I am attending a book club discussion at our local library next week. It’s the first time I’ve been to this event, and I don’t know what to expect. The leader of the group said some of the women have been attending for ten years or more. I’m hoping it will be a good experience and that I won’t feel like an outsider or an intruder.
The book up for discussion is A Room with a View by E. M. Forster. It was written in 1908, set in Italy and England during the Edwardian Era. It’s a romance. The novel deals with differences in social classes and society. Many complex themes are introduced, and conservative and liberal ways of thinking are explored through the characters. It’s a pleasant read, though thought-provoking. I’ve consulted Spark Notes. It’s helped in understanding and appreciating the book. There is a lot of symbolism in the novel, and some metaphors I would not have picked up on. I haven’t seen the movie based on the novel, but I’d like to.
As I read, I can’t help but compare my appearance and surroundings to the time frame of the novel. In Edwardian society, women wore petticoats, long skirts and elaborate hats. Other fashionable accessories included gloves, stoles, and parasols. At home, they donned morning frocks and sipped tea from china cups. And here I am in my polka-dotted pj pants and Virginia Beach souvenir tee shirt. I’m drinking black coffee from a big green mug. My cat Prunella is curled up on my lap, purring a happy little song.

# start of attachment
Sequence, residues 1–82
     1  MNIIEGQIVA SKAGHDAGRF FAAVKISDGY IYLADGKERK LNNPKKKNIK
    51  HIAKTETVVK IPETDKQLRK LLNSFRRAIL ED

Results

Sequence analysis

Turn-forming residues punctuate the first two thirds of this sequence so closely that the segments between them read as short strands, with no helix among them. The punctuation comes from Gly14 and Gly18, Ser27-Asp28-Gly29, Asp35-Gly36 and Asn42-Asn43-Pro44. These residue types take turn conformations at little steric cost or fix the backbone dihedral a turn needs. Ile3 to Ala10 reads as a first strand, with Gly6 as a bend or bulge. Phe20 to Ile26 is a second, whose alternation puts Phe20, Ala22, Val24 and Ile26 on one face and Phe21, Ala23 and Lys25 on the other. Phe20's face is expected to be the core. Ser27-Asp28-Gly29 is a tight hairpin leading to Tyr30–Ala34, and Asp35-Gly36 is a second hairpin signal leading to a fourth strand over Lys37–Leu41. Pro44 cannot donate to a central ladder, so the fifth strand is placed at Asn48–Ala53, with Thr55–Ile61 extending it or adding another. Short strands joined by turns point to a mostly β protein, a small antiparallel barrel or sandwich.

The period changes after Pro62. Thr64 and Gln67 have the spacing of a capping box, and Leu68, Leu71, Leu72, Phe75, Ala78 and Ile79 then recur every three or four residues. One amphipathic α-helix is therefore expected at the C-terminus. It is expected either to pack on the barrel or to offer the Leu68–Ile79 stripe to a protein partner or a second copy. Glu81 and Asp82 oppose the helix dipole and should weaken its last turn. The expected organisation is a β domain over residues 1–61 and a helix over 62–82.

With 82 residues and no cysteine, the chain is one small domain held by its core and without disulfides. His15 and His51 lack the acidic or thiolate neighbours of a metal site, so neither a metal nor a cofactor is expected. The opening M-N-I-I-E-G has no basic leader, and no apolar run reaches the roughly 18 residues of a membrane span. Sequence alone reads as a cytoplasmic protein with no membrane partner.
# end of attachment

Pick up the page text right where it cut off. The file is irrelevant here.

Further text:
Heavy velvet draperies, overstuffed sofas, and ornate mirrors in gilded frames would not be my style at all. Abstract art decorates my walls, and sheers hang at the window. Orange pillows brighten up my tan sofa, and there’s a trio of metal bottles on the console. My living room is contemporary, but my guest room and bedroom have a cottagey-feel. Nothing is heavy or dark in any of my rooms.
I admire authors who can write novels set in another era. I wouldn’t have the patience to do the research necessary for a gothic novel or one set during the 1930’s or ‘40’s. When I’ve overindulged in heavy, ominous stuff like thrillers, graphic murder mysteries, or sad novels, I like to read Maeve Binchy, set in modern times, or a Grace Livingston Hill novel taking place in the 1920’s or 1930’s. To read such a book is like drinking a nice cup of hot chocolate (with marshmallows), wrapped in a cozy quilt, while a gentle rain washes the earth clean.
I have writer friends who pen novels set in the future, featuring strange planets and kingdoms. They weave the most intricate plots dealing with battles in outer-space galaxies.
Me? I’m a contemporary-setting writer. It’s enough to manage characters, dialogue, and plot in real-time without having to go to extra trouble. I’m lazy that way.
My post has turned into a kind of rambling, hodge-podge. Kind of like my mindset these days.